FIG. 12 is a logic diagram of an alternative embodiment, logic block 98, for the CNA Logic 34 shown in FIG. 9. Logic block 98 utilizes enabled D positive edge triggered flipflops, as well as other conventional logic devices interconnected as shown in FIG. 12. The three flipflops at the top of the figure have a preset input, while the two flipflops at the bottom of the figure have a clear input. The logic block 98 generates a sequence of patterns for the activation of the control signals Vc1-Vc4, wherein the control signals correspond to a 4-bit binary count. The logic block 98 is wired to the CNA block 32 such that an incremental increase in that binary count causes an incremental decrease in the threshold level of the comparator 30 in CNA block 32. The pattern actually generated by logic block 98 is such that the CNA block 32 is initially tested at an intermediate binary count. Depending on the state of VL, the next binary jump is either up or down. If VL is low, the count jump is to a higher value. On the other hand, if VL is high, the count jump is to a lower value. By making each such jump approximately half of the remaining range, the final value is arrived at in the minimum number of jumps. When VL finally changes in response to a single binary increment, then the logic in block 98 either simply stops and holds the then current pattern of control signals, in the case of a single positive binary increment, or, in the case of a single negative binary increment, the logic block 98 changes the binary pattern of control signals so as to advance the binary count up by one increment, and then holds that pattern. Thus, the logic in block 98 can result in a fewer number of patterns being tested before the desired threshold is achieved.

FIG. 13 is a partial functional block diagram of assignee's proprietary IEEE 1394 compliant Cable Transceiver/Arbiter semiconductor device 100. This figure depicts an embodiment of the invention in an exemplary application used for the purpose of detecting the presence or absence of a data transmission cable connected to a cable port of the device, and indicating the connection status to the control logic for the device.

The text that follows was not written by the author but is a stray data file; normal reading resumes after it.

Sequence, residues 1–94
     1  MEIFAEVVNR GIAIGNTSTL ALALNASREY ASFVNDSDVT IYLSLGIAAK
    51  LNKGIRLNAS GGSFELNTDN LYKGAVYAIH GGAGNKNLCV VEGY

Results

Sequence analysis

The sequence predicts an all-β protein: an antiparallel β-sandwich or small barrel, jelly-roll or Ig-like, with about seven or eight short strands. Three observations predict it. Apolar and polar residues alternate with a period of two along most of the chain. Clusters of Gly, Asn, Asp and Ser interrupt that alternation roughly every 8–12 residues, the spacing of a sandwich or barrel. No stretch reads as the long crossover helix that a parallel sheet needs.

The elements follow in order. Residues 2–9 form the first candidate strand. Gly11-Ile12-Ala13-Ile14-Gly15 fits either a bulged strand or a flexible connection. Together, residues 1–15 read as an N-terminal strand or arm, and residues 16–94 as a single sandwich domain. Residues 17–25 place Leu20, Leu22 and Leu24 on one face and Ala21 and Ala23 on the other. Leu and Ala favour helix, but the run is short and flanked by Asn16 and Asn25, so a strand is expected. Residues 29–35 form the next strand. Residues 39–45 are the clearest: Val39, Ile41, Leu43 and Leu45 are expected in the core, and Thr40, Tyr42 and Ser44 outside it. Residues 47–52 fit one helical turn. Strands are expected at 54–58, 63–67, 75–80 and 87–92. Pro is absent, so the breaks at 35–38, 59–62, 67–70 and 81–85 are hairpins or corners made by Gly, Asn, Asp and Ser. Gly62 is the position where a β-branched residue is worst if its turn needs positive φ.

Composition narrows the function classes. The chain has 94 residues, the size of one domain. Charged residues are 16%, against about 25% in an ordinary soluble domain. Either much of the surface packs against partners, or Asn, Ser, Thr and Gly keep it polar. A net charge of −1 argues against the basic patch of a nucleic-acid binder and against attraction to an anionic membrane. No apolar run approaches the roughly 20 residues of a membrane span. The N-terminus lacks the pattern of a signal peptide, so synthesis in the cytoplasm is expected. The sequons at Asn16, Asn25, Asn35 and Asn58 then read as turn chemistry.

It should be noted that signal lines 102 and 104 in FIG. 13 carry multiple signals, as follows: signal line 104 is comprised of signal lines 42 and 44 shown in FIG. 11 for signals VCLK and VCLR, respectively; signal line 102 is comprised of signal lines 46 and 50 through 53 shown in FIG. 11 for signals VCAL and Vc1 through Vc4, respectively.

FIG. 13 shows CNA 32 with signals Vc1 through Vc4 and VCAL in signal line 102 from CNA Logic 34, signal VREF on signal line 40 from Reference Supply 106, and the signal of interest VSI from Cable Port 108 on signal line 36. Also shown are logic signal VL on signal line 38 from CNA 32 as an input to Arbitration and Control State Machine Logic ("Control Logic") 110 and CNA Logic 34, and signals VCLR and VCLK in signal line 104 from Control Logic 110 as inputs to CNA Logic 34.

The signal of interest VSI is a common mode voltage derived from bias voltage VTP supplied by the Cable Transceiver/Arbiter device through Cable Port 108 to the data transmission cable on terminals TPB1+ and TPB1-. When such cable is connected this common mode voltage is supplied to CNA 32 via signal line 36 which causes logic signal VL to go high, indicating to Control Logic 110 that the cable is connected and thereby allowing data transmission. When such cable is disconnected the common mode voltage is absent, causing logic signal VL to go low and thereby inhibiting data transmission.